Fixing VMware clock synchronization problems

On a VMWare environment sometimes guest operating systems may experience synchronization problems resulting into wrong dates and/or times. This could be more than annoying.

From Timekeeping in VMware Virtual Machines, page 14:

VMware Tools includes a time synchronization feature that periodically checks the guest operating system clock against the host operating system clock and corrects the guest clock. Unlike non-VMware synchronization software, VMware Tools time synchronization works in concert with the built-in catchup feature in VMware virtual machines and avoids turning the clock ahead too far. To enable VMware Tools time synchronization in a guest, first install VMware Tools in the guest operating system. Next, check that time synchronization is turned on. You can enable synchronization from the graphical VMware Toolbox application within the guest. Alternatively, you can set the .vmx configuration file option tools.syncTime = true to enable time synchronization. Note that time synchronization in a Linux guest works even if you are not running the VMware Toolbox application. All that is necessary is that the VMware guestd process is running in the guest and tools.syncTime is set to true.

VMware Tools time synchronization is designed to be a second line of defense to deal with special cases where a guest operating system’s clock falls behind real time despite the built-in catchup mechanism provided in the virtual machine. It is normal for a guest’s clock to be behind real time whenever the virtual machine is stopped for a while and then continues running; in particular, after a suspend/resume, snapshot, disk shrink, or VMotion operation. These are the main cases that VMware Tools time synchronization is meant to handle. The guest’s clock may also fall behind in less common circumstances, such as under heavy load when the guest has not been able to get enough CPU time to handle all its timer interrupts. The VMware Tools time synchronization daemon is quite simple and has a few limitations. The daemon checks the guest clock only once per minute. If the guest clock is much farther behind the host time than the virtual machine’s built-in catchup mechanism expects it to be, the daemon resets the guest clock to host time and cancels any pending catchup. For most guest types, the daemon never turns the guest clock backward, even if the guest’s clock time is running ahead of real time. Turning the clock backward is seldom needed and can cause some guest software to become confused. If your guest’s clock is running ahead of real time, see Known Issues and Troubleshooting on page 18 for troubleshooting tips and potential solutions and workarounds.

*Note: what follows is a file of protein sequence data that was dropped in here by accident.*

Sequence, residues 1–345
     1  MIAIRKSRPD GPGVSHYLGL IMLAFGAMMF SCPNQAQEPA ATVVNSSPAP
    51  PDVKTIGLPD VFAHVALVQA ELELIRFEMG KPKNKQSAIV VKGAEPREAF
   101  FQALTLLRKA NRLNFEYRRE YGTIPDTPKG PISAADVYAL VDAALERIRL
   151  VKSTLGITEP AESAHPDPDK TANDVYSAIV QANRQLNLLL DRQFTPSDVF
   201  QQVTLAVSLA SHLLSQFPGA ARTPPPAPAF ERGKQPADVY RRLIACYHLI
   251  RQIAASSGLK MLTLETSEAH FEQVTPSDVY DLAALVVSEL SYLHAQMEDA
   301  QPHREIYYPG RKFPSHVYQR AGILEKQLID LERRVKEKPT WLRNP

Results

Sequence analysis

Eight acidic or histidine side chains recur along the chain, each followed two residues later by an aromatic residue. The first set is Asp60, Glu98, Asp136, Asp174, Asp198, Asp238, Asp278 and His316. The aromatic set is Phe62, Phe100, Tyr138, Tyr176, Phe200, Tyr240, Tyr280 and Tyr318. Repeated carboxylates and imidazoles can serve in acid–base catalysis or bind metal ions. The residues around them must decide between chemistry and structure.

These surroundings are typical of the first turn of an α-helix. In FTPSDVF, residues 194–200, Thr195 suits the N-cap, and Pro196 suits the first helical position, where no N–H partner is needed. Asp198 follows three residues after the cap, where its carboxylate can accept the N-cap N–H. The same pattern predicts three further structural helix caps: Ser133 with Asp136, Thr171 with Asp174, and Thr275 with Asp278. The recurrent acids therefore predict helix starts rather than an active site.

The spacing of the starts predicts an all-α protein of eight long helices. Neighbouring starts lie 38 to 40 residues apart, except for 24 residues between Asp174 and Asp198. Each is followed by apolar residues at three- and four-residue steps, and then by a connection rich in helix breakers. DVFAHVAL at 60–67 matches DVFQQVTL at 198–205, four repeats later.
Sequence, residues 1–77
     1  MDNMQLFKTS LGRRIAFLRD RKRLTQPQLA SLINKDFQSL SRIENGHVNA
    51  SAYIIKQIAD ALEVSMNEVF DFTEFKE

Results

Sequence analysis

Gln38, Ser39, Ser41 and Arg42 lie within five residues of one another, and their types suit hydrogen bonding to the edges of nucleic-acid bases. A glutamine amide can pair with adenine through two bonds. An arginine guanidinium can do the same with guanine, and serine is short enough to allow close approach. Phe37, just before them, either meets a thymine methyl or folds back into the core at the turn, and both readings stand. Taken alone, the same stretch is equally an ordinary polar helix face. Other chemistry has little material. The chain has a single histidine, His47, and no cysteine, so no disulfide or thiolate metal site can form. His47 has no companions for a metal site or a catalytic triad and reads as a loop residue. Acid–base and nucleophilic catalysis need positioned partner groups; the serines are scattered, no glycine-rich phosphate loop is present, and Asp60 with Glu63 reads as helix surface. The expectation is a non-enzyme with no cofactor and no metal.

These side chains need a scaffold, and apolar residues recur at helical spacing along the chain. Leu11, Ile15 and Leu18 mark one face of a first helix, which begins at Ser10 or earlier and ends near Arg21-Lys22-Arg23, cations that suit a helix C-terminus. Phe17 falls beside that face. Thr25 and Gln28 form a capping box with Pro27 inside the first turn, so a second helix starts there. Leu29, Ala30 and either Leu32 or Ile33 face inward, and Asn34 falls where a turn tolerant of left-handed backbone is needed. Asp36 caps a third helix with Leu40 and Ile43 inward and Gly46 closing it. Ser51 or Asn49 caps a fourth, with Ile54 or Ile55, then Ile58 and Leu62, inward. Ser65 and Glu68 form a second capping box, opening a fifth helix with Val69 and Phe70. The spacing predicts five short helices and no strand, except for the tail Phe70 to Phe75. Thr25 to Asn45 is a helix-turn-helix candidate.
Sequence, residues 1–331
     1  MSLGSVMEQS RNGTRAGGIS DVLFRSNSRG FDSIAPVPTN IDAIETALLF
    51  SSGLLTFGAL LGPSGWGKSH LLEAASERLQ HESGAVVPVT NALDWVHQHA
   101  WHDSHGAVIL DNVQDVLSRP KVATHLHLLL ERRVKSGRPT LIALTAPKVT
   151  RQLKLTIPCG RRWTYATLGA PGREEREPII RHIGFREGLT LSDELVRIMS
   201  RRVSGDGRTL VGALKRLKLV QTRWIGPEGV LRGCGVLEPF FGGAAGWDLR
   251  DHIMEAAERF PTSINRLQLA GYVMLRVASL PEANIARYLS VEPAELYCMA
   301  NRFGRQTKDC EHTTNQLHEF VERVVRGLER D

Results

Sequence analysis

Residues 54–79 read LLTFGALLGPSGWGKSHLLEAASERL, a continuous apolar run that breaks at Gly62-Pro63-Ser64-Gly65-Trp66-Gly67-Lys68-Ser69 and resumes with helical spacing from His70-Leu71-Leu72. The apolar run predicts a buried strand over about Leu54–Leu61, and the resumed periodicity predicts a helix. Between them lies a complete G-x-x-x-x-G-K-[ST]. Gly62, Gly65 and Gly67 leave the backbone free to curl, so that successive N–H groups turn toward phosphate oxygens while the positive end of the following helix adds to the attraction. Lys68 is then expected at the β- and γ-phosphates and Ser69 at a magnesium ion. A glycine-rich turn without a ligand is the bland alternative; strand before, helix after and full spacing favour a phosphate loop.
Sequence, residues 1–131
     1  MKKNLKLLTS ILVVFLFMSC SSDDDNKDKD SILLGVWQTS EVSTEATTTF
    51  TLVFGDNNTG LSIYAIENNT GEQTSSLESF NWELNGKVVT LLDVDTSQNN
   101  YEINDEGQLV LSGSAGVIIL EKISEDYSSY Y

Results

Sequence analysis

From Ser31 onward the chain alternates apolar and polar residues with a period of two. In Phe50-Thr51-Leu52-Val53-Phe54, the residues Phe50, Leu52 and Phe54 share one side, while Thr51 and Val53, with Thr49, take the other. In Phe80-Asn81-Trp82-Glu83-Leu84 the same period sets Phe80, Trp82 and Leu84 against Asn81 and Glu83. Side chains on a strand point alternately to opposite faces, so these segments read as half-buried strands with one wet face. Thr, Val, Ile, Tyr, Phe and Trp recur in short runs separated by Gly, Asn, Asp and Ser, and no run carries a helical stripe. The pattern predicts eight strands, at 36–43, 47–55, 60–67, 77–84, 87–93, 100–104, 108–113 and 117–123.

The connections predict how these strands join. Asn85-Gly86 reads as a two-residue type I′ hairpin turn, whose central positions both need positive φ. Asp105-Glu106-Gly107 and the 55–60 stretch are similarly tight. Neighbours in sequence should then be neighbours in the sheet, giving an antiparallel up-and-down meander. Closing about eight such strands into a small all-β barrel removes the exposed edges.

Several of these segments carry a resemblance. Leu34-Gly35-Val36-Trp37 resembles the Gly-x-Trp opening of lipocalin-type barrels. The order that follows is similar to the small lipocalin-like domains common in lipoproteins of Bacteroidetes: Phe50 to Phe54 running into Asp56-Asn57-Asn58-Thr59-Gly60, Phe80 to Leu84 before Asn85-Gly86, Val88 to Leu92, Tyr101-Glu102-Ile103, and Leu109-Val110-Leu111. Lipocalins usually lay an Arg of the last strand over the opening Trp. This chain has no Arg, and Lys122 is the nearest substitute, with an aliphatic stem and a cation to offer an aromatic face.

Install VMware Tools and have the Virtual Machine synchronize its clock with the Host Machine’s (keep in mind that this might bring issues if the host and the guest are in different timezones because the guest will get the exact host’s time).

You may proceed by stopping the Virtual Machine and then editing the configuration file (xxxxxx.vmx) on the host machine, setting:

tools.syncTime = "true"

After that, you may start the Virtual Machine. The clock should now keep synchronized.